• Extreme hunger
  • Unexplained weight loss
  • Extreme fatigue
  • Irritability

Those affected with type 2 diabetes may also suffer from other issues such as

  • Frequent and recurring infections of skin, gum, or bladder
  • Wounds such as cuts and bruises may heal slowly
  • Vision problems
  • Numbness or tingling of hands or feet
  • Erectile dysfunction
  • Dry mouth
  • Itching
  • Abdominal obesity


Another difference between type 1 and type 2 diabetes is that in the case of type 1 diabetes, the onset of symptoms may be sudden (1). The destruction of pancreatic cells can go on for months or years before any symptoms are noticeable (2). Symptoms may be less pronounced in type 2 diabetes so much so that the affected person may not realise that diabetes is creeping up on him/her slowly for some years. So it is important to observe the difference between type 1 and type 2 diabetes.



People with type 1 diabetes require insulin to be administered as part of their treatment (1). To utilize the glucose in the blood, for converting it to energy, insulin is required and since it cannot be administered by mouth in the form of a tablet it has to be injected. The dose and frequency are fixed by the health provider (2).

While talking about the difference between type 1 and type 2 diabetes, also note that people with type 2 diabetes cannot use the insulin they produce properly but can mostly manage their condition through exercise and diet, although many may require medication, including insulin, to control blood glucose levels (7, 8).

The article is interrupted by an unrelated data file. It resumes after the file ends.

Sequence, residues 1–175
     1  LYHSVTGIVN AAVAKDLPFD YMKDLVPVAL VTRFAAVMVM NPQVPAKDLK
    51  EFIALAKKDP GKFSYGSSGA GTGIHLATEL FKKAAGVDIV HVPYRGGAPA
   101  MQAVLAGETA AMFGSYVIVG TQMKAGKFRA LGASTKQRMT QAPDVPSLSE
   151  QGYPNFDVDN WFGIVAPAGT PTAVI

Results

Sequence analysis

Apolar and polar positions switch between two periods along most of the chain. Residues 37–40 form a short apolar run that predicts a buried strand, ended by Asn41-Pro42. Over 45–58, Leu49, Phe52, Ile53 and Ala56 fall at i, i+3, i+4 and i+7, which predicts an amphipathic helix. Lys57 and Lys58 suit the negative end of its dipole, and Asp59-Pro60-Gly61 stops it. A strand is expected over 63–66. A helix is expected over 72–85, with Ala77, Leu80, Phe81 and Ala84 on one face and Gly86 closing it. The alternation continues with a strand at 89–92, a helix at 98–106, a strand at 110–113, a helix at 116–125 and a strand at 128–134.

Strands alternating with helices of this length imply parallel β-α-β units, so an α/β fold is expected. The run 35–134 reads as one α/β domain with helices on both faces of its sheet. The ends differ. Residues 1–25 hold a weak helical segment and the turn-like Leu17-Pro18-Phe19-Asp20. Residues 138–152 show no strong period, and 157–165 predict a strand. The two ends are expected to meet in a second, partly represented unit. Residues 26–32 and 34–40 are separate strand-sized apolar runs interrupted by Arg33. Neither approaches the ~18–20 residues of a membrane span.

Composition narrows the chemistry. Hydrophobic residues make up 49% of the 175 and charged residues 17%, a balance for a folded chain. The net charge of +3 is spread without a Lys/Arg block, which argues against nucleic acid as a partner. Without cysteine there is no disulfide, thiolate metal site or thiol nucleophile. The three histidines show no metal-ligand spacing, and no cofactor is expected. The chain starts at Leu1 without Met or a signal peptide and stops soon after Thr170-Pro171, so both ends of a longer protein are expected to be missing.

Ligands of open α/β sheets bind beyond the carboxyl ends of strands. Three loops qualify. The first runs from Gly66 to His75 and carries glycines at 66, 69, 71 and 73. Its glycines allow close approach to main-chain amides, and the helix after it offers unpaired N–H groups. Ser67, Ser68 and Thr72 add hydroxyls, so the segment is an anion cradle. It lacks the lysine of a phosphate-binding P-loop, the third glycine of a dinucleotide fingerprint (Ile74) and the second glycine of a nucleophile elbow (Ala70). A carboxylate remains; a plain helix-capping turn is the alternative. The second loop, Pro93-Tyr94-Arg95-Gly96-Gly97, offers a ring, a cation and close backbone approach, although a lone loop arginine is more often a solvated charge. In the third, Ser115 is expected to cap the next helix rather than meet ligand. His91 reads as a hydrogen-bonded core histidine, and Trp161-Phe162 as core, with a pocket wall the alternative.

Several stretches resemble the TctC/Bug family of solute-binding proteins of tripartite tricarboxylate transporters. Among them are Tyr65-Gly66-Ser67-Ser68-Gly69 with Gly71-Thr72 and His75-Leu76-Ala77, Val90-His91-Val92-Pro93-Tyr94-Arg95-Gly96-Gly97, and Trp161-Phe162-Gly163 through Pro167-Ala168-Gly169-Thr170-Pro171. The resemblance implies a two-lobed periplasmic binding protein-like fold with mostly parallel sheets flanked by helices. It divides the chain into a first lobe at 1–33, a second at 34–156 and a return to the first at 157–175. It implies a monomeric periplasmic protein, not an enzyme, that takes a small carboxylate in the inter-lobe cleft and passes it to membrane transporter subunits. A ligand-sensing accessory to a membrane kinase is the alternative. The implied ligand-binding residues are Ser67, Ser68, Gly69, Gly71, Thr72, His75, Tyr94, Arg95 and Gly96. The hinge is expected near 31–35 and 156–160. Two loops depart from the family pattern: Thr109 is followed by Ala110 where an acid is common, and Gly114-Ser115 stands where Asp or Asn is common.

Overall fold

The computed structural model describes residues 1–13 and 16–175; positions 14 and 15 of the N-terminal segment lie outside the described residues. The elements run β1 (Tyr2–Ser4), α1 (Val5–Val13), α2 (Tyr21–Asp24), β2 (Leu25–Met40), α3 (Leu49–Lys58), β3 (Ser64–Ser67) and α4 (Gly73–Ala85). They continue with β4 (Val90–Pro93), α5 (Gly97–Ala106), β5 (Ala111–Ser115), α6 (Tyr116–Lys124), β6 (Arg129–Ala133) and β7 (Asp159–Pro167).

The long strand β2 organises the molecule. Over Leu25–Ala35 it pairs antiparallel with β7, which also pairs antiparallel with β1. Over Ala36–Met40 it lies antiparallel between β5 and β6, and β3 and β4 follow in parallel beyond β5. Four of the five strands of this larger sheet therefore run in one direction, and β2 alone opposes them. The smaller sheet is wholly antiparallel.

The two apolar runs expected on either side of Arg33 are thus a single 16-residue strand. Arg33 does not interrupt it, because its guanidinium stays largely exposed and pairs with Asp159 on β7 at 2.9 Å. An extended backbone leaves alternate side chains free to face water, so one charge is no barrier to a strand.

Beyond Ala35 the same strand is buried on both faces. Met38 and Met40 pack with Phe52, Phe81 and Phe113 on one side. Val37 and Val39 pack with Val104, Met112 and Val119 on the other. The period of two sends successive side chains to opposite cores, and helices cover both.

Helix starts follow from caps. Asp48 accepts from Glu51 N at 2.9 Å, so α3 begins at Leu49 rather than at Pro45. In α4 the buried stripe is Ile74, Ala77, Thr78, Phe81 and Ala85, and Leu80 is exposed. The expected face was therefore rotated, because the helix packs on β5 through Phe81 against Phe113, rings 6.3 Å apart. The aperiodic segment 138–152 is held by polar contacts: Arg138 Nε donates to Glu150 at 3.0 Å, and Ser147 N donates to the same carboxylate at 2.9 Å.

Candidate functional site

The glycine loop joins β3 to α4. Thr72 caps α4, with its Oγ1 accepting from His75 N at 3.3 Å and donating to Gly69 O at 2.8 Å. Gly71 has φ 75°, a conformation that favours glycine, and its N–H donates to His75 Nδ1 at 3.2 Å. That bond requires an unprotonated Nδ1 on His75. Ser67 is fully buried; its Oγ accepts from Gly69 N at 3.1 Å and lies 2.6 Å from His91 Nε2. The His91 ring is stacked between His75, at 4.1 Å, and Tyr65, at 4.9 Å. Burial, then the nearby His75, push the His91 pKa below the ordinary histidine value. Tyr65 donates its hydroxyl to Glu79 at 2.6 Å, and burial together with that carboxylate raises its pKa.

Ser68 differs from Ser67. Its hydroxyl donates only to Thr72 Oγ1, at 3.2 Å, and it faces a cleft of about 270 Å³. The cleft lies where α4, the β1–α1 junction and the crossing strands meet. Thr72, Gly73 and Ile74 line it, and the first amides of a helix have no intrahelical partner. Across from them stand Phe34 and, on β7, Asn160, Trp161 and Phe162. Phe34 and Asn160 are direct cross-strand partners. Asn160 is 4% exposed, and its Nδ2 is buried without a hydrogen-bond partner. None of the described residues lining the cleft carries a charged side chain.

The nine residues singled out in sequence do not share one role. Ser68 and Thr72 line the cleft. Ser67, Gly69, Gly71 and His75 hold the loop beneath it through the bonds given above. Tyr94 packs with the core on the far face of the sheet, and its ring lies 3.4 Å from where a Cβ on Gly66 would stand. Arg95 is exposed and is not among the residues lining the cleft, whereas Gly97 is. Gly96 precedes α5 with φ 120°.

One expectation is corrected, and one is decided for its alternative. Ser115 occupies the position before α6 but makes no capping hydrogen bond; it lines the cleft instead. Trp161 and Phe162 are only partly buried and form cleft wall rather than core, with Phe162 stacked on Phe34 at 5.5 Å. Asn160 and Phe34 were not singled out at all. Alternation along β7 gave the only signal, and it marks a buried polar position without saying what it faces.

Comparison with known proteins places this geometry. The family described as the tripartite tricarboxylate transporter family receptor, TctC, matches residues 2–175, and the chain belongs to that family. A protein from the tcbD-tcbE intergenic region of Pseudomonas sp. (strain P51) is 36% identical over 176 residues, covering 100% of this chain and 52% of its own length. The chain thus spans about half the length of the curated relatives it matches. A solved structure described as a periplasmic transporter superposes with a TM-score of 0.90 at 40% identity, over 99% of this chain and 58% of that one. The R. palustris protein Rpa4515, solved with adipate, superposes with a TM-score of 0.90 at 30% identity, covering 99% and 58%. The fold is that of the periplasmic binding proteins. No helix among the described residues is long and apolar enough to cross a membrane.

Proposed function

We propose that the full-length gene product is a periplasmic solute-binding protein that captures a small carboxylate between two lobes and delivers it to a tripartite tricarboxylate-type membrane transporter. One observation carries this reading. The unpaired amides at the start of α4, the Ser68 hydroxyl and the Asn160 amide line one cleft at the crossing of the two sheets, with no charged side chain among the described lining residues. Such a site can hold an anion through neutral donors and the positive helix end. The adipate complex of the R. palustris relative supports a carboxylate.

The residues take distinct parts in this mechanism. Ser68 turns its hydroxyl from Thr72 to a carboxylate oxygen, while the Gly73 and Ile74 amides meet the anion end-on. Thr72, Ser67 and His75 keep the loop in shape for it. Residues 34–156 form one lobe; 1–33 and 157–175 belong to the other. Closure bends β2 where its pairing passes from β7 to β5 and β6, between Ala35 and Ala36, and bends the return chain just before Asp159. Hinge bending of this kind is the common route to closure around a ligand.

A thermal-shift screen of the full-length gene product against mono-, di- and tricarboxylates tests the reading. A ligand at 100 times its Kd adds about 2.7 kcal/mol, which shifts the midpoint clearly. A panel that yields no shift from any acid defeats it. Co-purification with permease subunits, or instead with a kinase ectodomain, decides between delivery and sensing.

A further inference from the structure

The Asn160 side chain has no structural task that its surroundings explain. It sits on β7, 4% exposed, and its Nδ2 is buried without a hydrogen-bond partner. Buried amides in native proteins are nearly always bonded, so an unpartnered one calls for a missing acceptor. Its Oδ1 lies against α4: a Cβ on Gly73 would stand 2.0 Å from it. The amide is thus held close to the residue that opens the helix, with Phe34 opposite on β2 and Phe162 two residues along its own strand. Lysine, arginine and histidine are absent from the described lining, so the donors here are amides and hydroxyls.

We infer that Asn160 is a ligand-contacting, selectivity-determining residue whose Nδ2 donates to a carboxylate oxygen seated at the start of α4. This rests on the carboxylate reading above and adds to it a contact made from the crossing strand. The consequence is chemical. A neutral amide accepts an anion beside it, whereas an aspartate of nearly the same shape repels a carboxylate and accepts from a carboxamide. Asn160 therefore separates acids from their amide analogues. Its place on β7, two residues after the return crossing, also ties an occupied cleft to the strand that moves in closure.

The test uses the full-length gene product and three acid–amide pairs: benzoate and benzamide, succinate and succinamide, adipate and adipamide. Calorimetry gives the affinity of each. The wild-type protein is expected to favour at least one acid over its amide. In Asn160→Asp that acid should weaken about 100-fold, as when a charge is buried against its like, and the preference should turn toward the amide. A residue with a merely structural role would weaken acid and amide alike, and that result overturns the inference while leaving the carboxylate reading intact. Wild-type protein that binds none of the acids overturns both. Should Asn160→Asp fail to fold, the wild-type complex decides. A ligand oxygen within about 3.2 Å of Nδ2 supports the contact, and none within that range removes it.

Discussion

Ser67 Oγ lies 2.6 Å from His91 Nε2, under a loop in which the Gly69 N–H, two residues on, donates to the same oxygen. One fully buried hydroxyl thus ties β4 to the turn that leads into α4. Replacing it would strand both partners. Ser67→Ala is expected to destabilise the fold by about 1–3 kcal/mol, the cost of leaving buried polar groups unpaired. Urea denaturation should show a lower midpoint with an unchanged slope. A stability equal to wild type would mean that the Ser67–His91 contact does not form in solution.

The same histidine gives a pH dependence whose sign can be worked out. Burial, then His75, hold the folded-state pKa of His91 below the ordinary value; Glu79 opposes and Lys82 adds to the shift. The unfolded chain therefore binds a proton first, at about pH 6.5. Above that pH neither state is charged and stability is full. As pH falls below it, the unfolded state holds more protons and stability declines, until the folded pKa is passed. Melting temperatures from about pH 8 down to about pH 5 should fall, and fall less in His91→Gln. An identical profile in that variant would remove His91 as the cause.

Again, while the difference between type 1 and type 2 diabetes exists, prevention can be some commonly known precautions. At present with the information available prevention of type 1 diabetes is not known (1). In a review, it was concluded that T1D disease can be predicted by measuring the islet autoantibodies. In future general population screening methods for these autoantibodies and safe therapy, the method need to be developed for T1D intervention (3).

The goal of research should be delaying the onset and progression of diabetes and finally preventing T1D.

Certain measures can be taken to prevent or delay the onset of T2D. Maintaining a healthy weight, being physically active, avoiding tobacco use and consuming a healthy, balanced diet (1). Adopting a healthy lifestyle is very important.


Final word

Despite the difference between type 1 and type 2 diabetes, whatever the type of diabetes a person has to follow a healthy diet and a healthy lifestyle.



  1. World Health Organisation (2019). Diabetes

2. Centres for Disease Control and Prevention (2019). Type 1 Diabetes

  1. Simmons, K. M. and Michels, A. W. (2015) Type 1 diabetes: A predictable disease, World journal of diabetes. Vol. 6(3).
  1. Mayo Clinic (2019). Type 2 diabetes.
  1. Duyff, R.L. (2002) Complete Food and Nutrition Guide, Smart eating to prevent and treat disease, 567. American Dietetic Association, Second Edition. Hoboken: John Wiley & Sons.
  2. Ramachandran A. (2014) Know the signs and symptoms of diabetes, The Indian journal of medical research. Vol. 140 (5).
  1. Wildman, R. (2009) The Nutritionist-Food, Nutrition and Optimal Health. Routledge, Taylor and Francis Group. Second Edition. New York and London.
  2. Truswell, A. S. (2003) ABC of Nutrition. BMJ Publishing Group, BMA House Tavistock Square. Fourth Edition. London WC1H 9JR.